This week’s post about how to make an ACT study plan is a little unusual. These weekly columns typically focus on questions I get from parents about how to support their child with learning differences, not test prep advice. But I’ve been getting a lot of questions like this one lately, and I recently wrote an email response that I though summarized my thoughts nicely, so I wanted to post this instead of my usual advice column this week.
All the advice below is based on my decade of experience tutoring the ACT and SAT. My students see an average score increase of +5.4 ACT or +270 SAT (as of June 2022).
You were recommended to us by [my son’s college counselor] as a tutor for him on his SAT/ACT prep (and probably math generally). He is autistic and has a low processing speed so needs reinforcement with new concepts. He manages to get ok grades but definitely struggles in math and also his writing skills need work.
He took an ACT test last year and I think he got a 29. His scores are always heavily skewed towards verbal. Like he gets near-perfect reading comp scores and pretty atrocious math. He’s leaning towards sticking with the ACT ultimately because it has a science part which is not too difficult for him (it’s reading and chart intensive per him). I’ve asked him to get a copy of his 504 plan, we will see how it goes. There are a number of accommodations in it the main one being extra time.
Can you meet with him to advise him on how to make an ACT study plan? I want him to get started now so he’s ready for the February test.
I’d be happy to meet with [your son] regarding his ACT study plan. Each student’s plan ends up being a little different, but there are a few key parts every plan has: what to study, how to study it, and when to study it. Here’s my recommendations for each.
What to put on your ACT study plan
- We typically see permanent score increases after 20 hours of practice. That’s not 20 hours of instruction with a tutor, but 20 hours of sitting down and working on a practice test and reviewing the questions afterwards.
- This usually works out to about 4 full-length practice tests.
- I always recommend that my students use officially published practice tests, since they’re the closest to the real thing. Don’t waste your time with 3rd-party materials.
- In addition to the practice tests they complete, students can add instruction time (small group or private) or self-study time to their study plan, which will act as a multiplier on that 20 hours: the more studying you do on top of the practice, the higher your scores will go.
How to study for the ACT
- Students should focus their study time on the topics that need the most work. That means they need to understand which topics are the hardest for them.
- You can find your problem areas by reviewing a practice test, checking your answers, and categorizing each wrong answer into silly mistakes, honest mistakes, and clueless mistakes. I teach students how to do this in our intro session.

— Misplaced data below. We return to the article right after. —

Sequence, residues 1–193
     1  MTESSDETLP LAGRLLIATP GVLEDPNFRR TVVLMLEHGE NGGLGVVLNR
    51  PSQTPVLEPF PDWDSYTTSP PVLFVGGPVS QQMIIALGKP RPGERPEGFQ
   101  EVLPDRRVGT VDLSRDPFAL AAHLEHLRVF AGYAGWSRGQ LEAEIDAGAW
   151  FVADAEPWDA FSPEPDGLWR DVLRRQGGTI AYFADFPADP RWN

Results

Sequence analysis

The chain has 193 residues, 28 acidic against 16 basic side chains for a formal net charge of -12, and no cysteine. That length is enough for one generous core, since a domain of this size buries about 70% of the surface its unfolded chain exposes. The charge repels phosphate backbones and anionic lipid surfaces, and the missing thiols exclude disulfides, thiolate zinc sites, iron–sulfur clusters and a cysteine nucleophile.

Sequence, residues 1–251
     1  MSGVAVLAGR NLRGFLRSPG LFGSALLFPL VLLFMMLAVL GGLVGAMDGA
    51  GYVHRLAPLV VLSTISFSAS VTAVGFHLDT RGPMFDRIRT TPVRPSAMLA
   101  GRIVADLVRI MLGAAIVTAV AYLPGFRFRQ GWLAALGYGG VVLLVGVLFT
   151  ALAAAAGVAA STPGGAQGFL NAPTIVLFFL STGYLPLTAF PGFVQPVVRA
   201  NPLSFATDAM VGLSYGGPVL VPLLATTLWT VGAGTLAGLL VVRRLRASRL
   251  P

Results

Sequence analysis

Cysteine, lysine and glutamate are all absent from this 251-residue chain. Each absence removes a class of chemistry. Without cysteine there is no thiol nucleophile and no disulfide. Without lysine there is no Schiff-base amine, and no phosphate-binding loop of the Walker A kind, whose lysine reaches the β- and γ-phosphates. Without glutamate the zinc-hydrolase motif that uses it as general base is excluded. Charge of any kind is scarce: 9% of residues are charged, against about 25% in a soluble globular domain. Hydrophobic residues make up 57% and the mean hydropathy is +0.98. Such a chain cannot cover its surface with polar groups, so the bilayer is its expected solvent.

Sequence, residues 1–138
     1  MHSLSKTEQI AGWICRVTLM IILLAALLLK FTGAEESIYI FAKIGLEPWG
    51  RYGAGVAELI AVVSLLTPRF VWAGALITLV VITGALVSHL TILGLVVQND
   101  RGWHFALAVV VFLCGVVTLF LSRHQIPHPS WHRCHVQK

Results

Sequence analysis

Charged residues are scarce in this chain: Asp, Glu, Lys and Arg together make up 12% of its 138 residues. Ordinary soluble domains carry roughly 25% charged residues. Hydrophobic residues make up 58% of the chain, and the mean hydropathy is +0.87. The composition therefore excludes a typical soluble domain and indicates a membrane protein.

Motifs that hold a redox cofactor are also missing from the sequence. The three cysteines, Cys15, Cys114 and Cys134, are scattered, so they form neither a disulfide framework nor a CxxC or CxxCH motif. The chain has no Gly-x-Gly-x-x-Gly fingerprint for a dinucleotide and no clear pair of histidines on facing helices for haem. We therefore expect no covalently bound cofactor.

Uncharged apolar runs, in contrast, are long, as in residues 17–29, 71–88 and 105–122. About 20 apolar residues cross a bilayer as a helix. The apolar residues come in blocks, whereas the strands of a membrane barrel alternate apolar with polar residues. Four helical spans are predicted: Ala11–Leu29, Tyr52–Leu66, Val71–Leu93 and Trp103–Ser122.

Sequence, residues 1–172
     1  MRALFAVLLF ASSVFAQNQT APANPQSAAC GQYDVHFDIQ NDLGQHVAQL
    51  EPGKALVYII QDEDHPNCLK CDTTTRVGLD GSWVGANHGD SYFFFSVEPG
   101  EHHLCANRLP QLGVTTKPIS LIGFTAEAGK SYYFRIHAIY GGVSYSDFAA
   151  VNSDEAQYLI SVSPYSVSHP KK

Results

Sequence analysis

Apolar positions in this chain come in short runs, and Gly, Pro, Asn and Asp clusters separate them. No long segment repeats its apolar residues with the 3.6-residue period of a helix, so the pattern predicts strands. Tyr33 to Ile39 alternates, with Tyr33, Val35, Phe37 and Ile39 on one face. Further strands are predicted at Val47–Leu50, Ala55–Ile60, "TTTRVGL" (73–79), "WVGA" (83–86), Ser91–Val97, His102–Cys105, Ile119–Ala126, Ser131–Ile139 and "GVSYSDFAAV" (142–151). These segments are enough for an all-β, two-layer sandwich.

- Each week, you should review your clueless errors from the week before and either self-study that material or ask your instructor to review it with you.
- Next, you should do some targeted practice of your honest mistakes until you have dialed in that question type: how to recognize it and how to answer it.
- Only after you’ve studied those things, either with your instructor or by yourself, should you sit down and do your practice tests for the week.
When to study for the ACT
- For most students, I recommend completing half of a practice test each week. That means you’ll complete the four recommended practice tests in eight weeks.
- Pick your official test date and work backwards ten weeks (the extra two weeks give you some wiggle room). That’s when you should start studying.
- Each week, you should do your study or instructional time (~2 hours), then your practice test (~1.5 hours), and finally your error review (~0.5 hours).
- This 4-hours-per-week program gets good results, which is why I recommend it. Most students don’t have time to do more than this, and doing less is not as effective, since the spacing between repeated topics is too long.
That’s the basic program that I use for most students, though of course I usually adjust it to better fit each student’s schedule, goals, and progress.
I’ve seen some students make great gains by following this program on their own. Others benefit from some guidance. I often use a weightlifting analogy to explain it: the only thing that makes you stronger (higher test scores) is actually lifting the weights (practice tests). You can do that on your own, but some people work better with a personal trainer (me). I’ll encourage you, keep track of your progress, manage your records, and adjust the program as needed with careful observation, based on my years of experience.
I’m happy to meet with [your son] to go through this program in greater detail and to send you some recommended resources. I offer free consultations, so we can always set up one of those and see if we’re a good fit. Even if we don’t end up working together, [your son] will have a clear idea of what he needs to do to improve and the steps he should take to get there.
If you have any questions, I’m always happy to answer them here or on our next call.
This “recommended study” program is a pretty basic, intro-level one. Many of my students, especially those who learn differently, benefit from differentiated instruction and different approaches to studying. But one thing always stays the same: just like in the gym, the only way to see real gains is to practice.
If you’d like to discuss if this program might work for your child, and any changes I might make for them, I’d love to chat about it with you. Set up a free consultation at the link below.